I grew up in close contact with peoples of other religious traditions. Sacrifices are part and parcel of their ritualistic life. I remember seeing my neighbors sacrifice a banquet to their preferred deities. These sacrifices were offered in exchange for prosperity and longevity. Sacrifices are often seen as an exchange for something. They are not just limited to liturgical practices. This is just as prevalent in the secular world. We make sacrifices in our daily lives for something better or at least what we perceive as better. However, God changed this notion with Abraham. He asked Abraham to sacrifice Isaac and there were no promises given. In fact, Abraham already had everything he wanted in Isaac. As far as Abraham was concerned, he needed nothing else in his life. There was nothing better that God could promise to make him want to sacrifice Isaac. There was no exchange. It was just a sacrifice. Jesus made rigorous demands on those who followed him. In return he told them that they would endure hardship and persecution. They would not have a place to call home. Many of the apostles died terrible deaths. They never had a fixed place to call home except for John who was exiled to an island, not exactly an ideal place to call home. All of them got exactly what Abraham received when he sought to sacrifice the apple of his eye. None of them would receive this special gift if they had not been willing to sacrifice.
Abraham is known in scripture not as the father of Isaac but as God’s friend. Jesus revealed to us that the goal of discipleship is friendship with Him (John15:15). Friendship is voluntary and demands sacrifices. We can choose to live without friends but we cannot cultivate strong and lasting friendship if we are not willing to sacrifice time and energy. The things and people we might sacrifice for a friendship depends on how much we esteem it. Abraham valued God’s friendship above all else. The disciples valued Jesus’ friendship more than their own lives. In both cases, God did not offer His friendship to them because of their sacrifices. God had always been Abraham’s friend. Jesus was always the disciples’ friends. He laid down his life for them. Their sacrifices opened their eyes to see God for who He really is. It did not change God but it just changed them.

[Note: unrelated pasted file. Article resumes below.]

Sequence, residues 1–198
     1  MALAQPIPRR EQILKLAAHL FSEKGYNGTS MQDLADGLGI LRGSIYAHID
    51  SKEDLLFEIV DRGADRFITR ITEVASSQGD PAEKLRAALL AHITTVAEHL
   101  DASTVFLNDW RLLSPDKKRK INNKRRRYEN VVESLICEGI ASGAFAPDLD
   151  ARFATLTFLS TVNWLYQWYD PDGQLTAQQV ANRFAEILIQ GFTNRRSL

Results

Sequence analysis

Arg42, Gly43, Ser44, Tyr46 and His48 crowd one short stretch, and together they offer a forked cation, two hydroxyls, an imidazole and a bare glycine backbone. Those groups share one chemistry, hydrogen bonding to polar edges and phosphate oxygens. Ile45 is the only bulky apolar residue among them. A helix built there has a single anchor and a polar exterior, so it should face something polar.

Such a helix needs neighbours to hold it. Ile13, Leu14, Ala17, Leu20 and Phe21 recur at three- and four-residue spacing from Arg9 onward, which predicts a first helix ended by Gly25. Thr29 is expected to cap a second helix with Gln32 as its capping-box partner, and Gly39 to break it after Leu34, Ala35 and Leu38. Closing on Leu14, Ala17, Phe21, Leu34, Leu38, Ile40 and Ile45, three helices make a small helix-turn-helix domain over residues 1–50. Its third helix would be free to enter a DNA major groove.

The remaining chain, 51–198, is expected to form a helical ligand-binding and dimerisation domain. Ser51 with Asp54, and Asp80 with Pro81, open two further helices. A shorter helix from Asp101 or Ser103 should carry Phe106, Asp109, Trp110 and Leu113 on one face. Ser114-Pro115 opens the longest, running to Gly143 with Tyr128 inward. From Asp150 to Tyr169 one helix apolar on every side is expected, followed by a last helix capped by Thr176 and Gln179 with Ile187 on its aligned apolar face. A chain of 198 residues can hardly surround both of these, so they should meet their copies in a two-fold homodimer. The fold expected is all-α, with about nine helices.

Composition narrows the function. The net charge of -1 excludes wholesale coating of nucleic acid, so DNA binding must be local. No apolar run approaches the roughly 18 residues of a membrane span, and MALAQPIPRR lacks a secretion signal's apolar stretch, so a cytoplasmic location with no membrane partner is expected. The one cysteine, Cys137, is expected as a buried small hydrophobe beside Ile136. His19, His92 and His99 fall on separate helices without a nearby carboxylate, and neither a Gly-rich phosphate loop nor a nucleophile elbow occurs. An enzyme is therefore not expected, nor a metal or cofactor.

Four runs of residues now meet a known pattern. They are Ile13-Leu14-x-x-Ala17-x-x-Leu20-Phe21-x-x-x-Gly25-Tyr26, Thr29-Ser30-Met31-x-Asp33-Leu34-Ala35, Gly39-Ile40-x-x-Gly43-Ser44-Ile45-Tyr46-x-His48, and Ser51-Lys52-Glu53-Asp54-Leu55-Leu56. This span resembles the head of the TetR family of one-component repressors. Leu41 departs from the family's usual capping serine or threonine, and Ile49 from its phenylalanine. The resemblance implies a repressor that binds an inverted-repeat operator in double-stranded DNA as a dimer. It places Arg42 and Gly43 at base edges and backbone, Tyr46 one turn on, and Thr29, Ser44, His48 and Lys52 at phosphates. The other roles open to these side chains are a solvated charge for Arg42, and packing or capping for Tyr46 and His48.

Abraham quietly went up the mountain to sacrifice his son. He must have thought that his God was the same as all the gods of his time. Human sacrifice was not uncommon then. He came down from the mountain with a new understanding of who God is. God did not change but Abraham’s concept of God did. Sometimes the very things we consider as special and precious can hinder us from discovering something greater and wonderful about God. It is not that God needs us to sacrifice these things but our love and affection for them might blind us from discovering God’s love. Abraham believed that Isaac was his heir who was going to make his name remembered in this world but we remember Abraham because his friendship with God.
You might be wondering what inspired me to think about this subject. It was a simple question asked by a fifteen year old, Kelvyn. It is not a Brazilian sounding name but it is the only one he has. Technically he is not a homeless teen. He is the streets all the time and he knows all our teens and children. Unfortunately, he is a drug dealer. He was born into it. His parents were in prison when he was born and this was the life he was exposed to all his life. He always was curious about us and he had a special soft spot for Mary. Recently, we had a rare occasion of spending almost a whole afternoon just talking with Kelvyn. One of the things he said struck me. He said that he hoped one day he could do what we do. He thought that it was a wonderful thing to sacrifice our time and energy to be friends with people like him. He asked what motivated us to do this. We thought about it for a while and then we said it is because of our friendship with God.